18 Responses to “Galaxy Note 3 review: To ink or not to ink? That is the question.”

  1. How come the Note 3 wont allow me to set up my email so when I open it, the message appears right away and I don’t have to hit “Load More” to see the email. I can only find a setting that will only allow you to set the emails up to see up to only 3lines of text. On my old note 2 I could change it, but can not find it in the settings on the note 3…
    Can you help?
    [email protected]

  2. Kevin,

    Any improvements to S-Note? I have both a Note 2 and a Note 10.1 and I feel like S-Note is just one feature away from being my perfect solution and that is the ability to sync audio recordings to the ink like OneNote. Also, I find the inking experience on the Note 2 to be dramatically worse than the 10.1 – any improvement on the Note 3?


  3. Kevin & Fellow Readers:


    If You Were Expecting To Have Your AT&T Galaxy Note 3 shipped today, or if you were expecting to walk in on Oct. 4th, to your local retailer & walk out minutes later with what should be an incredibly awesome phone — DON’T!!!

    After preordering my Note 3 three hours after the preorder window opened on 09/09/2013, I received an E-Mail stating the phone would Ship “On or a About October 1st”. Then, a week later, I checked the status & noticed “The Estimated Ship Date is 09/11/2013 to 09/13/2013”.

    2 Red Flags went up & a couple of bells & whistles. 1- Those dates had already passed. 2- I knew the phone wasn’t releasing until around 10-01. But, I called them anyway to inquire why it would show that status.

    As time went by, I checked periodically for updates, even called for them. Nobody could tell me why it would give the 09/11-09/13 shipping dates. But I was repeatedly assured that my phone would be shipped on 10/01, 2-Day-Air. Then I called a friend who works at an AT&T Retailer, who told me that my phone should ship 10/01, & the Note 3 would be available to the public for retail on 10/04.

    So Today, AT&T Release Day, by the afternoon, when I hadn’t received any confirmation or tracking E-Mail that my phone shipped, I called.

    After nearly 1 hour on the phone, ultimately ending up with a senior Premier Support Supervisor. Her answer — “Apparently AT&T hasn’t received our Shipment of Note 3’s from Samsung, & I’m showing a negative supply of -6,000 to -7,000 Units”.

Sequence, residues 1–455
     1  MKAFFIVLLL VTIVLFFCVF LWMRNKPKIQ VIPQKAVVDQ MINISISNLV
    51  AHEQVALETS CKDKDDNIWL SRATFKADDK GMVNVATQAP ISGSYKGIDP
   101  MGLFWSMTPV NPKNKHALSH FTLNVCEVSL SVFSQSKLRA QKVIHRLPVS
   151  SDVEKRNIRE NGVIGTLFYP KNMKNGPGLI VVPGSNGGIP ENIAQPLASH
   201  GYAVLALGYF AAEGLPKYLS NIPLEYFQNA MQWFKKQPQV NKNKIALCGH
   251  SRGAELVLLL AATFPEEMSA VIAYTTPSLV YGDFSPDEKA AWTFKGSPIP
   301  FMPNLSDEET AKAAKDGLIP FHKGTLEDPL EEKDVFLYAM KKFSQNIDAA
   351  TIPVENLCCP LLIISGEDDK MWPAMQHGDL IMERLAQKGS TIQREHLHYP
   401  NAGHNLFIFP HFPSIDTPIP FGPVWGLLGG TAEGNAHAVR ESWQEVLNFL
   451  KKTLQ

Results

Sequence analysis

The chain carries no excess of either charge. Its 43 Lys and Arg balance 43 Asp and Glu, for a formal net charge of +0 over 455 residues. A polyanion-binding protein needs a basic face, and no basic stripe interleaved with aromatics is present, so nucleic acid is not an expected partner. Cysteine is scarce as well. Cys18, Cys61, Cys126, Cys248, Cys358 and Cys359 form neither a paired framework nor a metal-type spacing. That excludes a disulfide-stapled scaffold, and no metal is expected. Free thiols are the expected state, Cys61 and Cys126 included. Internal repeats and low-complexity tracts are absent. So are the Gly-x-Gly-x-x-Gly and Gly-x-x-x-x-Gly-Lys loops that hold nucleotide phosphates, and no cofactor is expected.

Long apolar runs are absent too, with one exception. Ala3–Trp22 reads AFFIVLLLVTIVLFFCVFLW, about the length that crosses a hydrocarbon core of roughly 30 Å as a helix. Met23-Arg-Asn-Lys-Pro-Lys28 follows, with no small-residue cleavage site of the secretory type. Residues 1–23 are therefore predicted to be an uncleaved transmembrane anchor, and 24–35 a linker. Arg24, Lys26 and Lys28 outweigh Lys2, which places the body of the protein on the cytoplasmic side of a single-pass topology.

Bottomline, she said the AT&T Samsung Galaxy Note 3 is BACKORDERED – WITH NO ANTICIPATED ARRIVAL OR SHIPPING DATE. She said it could be “3 days, 3 weeks, or longer. I left the order in place, until I could check with the local AT&T Store. That AT&T Retail guy said “We haven’t gotten anything yet”. Now whether he just gave me some lip service because his curt answer presented a guy who didn’t wanna be there or he was tired of answering the same question a bazillion times, remains to be seen.

    Another thing I found curious is the fact that neither Samsung, AT&T, nor any other carrier has even remotely advertised this phone on television or in print media. That kind of preemptive strike could have swayed other iPhoner’s from picking up the 5s or 5c, in favor of the Note 3.

    Has anybody else experienced this shipping or supply debacle? Please let me know what you know, or what you have learned.

    • I was in a store yesterday and they said, they’d have them today. Stopped by during lunch and they said the date was now Friday (which jives with the press releases). I asked if they had received any stock yet and they said they hadn’t received anything other than the display models.

  4. Michael Q.

    I have the Note 2. Love it. I use the pen much more than I thought I would. My problem is that I want the Note 3, but really the Note 2 is still better (for me, anyway) than even the newest phones from others,including all the Apple phones. Big stunning screen. S-pen, fast, good pen-enhanced UI. Upgrading to Note 3 would really just be an extravagance. I’m tempted though.

  5. Lets see..seems like all these reviews try n poke around at samsungs flaws..lemme a former iphone 3, 4s owner…and htc one..have 2 note 2 I own is by far the best phone I have ever lady was also a iphone owner..bought her a s4..n she loves it..I will be upgrading to note 3+ gear as soon as it comes to us..and I am very excited about it..cuz after having everything else..NOTHING compares to samsung…ppl hating cuz their on top..the far…nobody even close

    • Agree. My first touch screen phone was my iphone3g then iphone4, iphone 4s but quickly sold it and bought an Google nexus. I loved the Android experience and then bought my note 2 and it just blew my mind away. Samsung has really stepped it up on the note 3. If I was to compare the step up apple did this year on their phone Samsung blows it away.

  6. Tchai Charoen